pron. In linguistics and grammar, a pronoun is a word that substitutes for a noun or noun phrase. Pronouns have traditionally been regarded as one of the parts of speech, but some modern theorists would not consider them to form a single class, in view of the variety of functions they perform cross-linguistically.

      adj. In linguistics, an adjective is a word that modifies a noun or noun phrase or describes its referent. Its semantic role is to change information given by the noun.

      v. A verb, from the Latin verbum meaning word, is a word that in syntax conveys an action, an occurrence, or a state of being. In the usual description of English, the basic form, with or without the particle to, is the infinitive. In many languages, verbs are inflected to encode tense, aspect, mood, and voice.

      prep. Prepositions and postpositions, together called adpositions, are a class of words used to express spatial or temporal relations or mark various semantic roles.

      conj. In grammar, conjunction is a part of speech that connects words, phrases, or clauses that are called the conjuncts of the conjunctions. The term discourse marker is mostly used for conjunctions joining sentences.

      det. A determiner, also called determinative, is a word, phrase, or affix that occurs together with a noun or noun phrase and serves to express the reference of that noun or noun phrase in the context.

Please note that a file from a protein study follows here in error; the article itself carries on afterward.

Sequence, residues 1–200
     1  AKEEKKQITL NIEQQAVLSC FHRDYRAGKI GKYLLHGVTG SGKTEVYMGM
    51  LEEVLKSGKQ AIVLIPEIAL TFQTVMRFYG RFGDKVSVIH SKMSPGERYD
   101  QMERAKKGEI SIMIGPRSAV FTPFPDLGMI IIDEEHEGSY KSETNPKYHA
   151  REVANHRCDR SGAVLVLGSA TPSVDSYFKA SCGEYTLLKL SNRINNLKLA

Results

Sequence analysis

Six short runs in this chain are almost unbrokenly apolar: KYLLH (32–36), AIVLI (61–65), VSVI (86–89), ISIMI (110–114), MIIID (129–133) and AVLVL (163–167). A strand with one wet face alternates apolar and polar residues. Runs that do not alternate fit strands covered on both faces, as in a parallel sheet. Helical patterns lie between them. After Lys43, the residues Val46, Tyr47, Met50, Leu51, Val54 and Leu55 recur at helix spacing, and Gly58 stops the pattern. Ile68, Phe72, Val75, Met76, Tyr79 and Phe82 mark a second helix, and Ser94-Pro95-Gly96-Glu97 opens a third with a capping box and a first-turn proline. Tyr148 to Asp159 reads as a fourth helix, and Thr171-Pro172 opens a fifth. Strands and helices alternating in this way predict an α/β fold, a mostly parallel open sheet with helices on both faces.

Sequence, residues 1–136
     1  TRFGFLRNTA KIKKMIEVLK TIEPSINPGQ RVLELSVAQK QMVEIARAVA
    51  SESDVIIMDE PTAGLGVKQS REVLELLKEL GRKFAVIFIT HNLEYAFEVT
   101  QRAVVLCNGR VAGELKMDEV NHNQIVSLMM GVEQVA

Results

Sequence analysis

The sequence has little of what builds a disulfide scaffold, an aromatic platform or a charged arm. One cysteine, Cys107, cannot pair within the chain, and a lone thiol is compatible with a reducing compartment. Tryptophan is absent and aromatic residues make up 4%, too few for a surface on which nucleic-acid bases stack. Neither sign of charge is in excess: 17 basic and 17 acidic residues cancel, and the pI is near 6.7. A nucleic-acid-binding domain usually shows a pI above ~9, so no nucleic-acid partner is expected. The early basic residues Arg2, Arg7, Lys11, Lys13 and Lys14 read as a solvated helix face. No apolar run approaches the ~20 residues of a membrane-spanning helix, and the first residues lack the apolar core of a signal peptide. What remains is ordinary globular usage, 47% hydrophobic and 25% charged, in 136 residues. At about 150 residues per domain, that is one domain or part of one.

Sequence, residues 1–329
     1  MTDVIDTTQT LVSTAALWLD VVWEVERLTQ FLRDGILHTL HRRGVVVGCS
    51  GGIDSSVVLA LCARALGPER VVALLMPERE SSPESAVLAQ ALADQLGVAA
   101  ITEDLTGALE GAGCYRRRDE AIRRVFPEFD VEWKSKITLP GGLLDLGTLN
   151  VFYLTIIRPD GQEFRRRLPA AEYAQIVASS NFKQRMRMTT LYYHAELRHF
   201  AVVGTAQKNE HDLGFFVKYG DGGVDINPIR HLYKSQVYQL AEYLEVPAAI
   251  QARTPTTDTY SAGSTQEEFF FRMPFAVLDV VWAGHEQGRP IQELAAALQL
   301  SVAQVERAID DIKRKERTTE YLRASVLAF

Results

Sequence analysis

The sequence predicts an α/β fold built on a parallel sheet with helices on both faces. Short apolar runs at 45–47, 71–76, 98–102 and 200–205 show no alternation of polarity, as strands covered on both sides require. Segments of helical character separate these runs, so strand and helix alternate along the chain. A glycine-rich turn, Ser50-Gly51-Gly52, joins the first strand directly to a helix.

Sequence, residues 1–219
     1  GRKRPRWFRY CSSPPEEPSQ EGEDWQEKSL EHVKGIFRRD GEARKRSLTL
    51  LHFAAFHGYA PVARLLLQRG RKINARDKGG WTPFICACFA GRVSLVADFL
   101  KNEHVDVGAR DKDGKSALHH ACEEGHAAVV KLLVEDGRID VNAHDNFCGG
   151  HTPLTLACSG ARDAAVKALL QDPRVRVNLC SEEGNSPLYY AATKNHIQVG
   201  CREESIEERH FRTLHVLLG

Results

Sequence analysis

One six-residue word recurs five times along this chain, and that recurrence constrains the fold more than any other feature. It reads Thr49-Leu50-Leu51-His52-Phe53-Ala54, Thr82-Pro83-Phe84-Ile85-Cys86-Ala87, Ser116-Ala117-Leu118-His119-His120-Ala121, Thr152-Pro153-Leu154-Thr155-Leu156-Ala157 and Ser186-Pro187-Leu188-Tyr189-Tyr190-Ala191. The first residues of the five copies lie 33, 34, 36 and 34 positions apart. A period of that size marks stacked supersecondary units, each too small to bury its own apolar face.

1. glossolalia

      Merriam-Webster define glossolalia as

      ecstatic, typically unintelligible utterance occurring especially in a moment of religious excitation —usually plural

    1. ecstatic, typically unintelligible utterance occurring especially in a moment of religious excitation —usually plural

      Glossolalia.

  11. Mar 2021
    1. Consonant Pronunciation

      b - boy / ban

      c - chat / ceeb

      d - dog / dara

      f - fire / fas

      g - good / agsi

      j - job / jox

      k - keep / kaani

      l - land / lakk

      m - mark / naam

      n - nice / àdduna

      ñ - genius / gaañ

      p - paint / puso

      r - rat / raxas

      s - soup / kawas

      t - take / tubaab

      w - wait / kéwél

      x - (see note below) / xaalis

      y - yes / yaa

      There is no English equivalent for this sound, it is a slightly guttural sound that is between x and k. It may also be pronounced merely as h, especially among non-natives.

      mb - mbaa

      mp - dàmp

      nd - ndey

      ng - ngan

      nj - njaay

      ŋ - masoŋ

      Prenasalized consonants don't exist in English the way they do in Wolof. ng and ŋ sound almost the same if not the same. Words like sing, bring, king, mango, etc. are the closest to this sound.

    2. Please add to this project by annotating non-highlighted Wolof entries with a corresponding audio file. Thank you!

    3. Vowel Pronunciation

      a - absorb / sant

      aa - far / laaj

      e - get / dem

      ee - where / seet

      é - say / bés

      ée - sane / wéer

      ë - bird / kër

      i - pit / fit

      ii - meet / siis

      o - moment / fomp

      ó - no / jóg

      oo - door / loos

      óo - phone / fóon

      u - cook / ubbi

      uu - moon / juuyoo

    4. Primary source for audio files:

      https://commons.wikimedia.org/wiki/Category:Wolof_pronunciation

      Secondary source for audio files: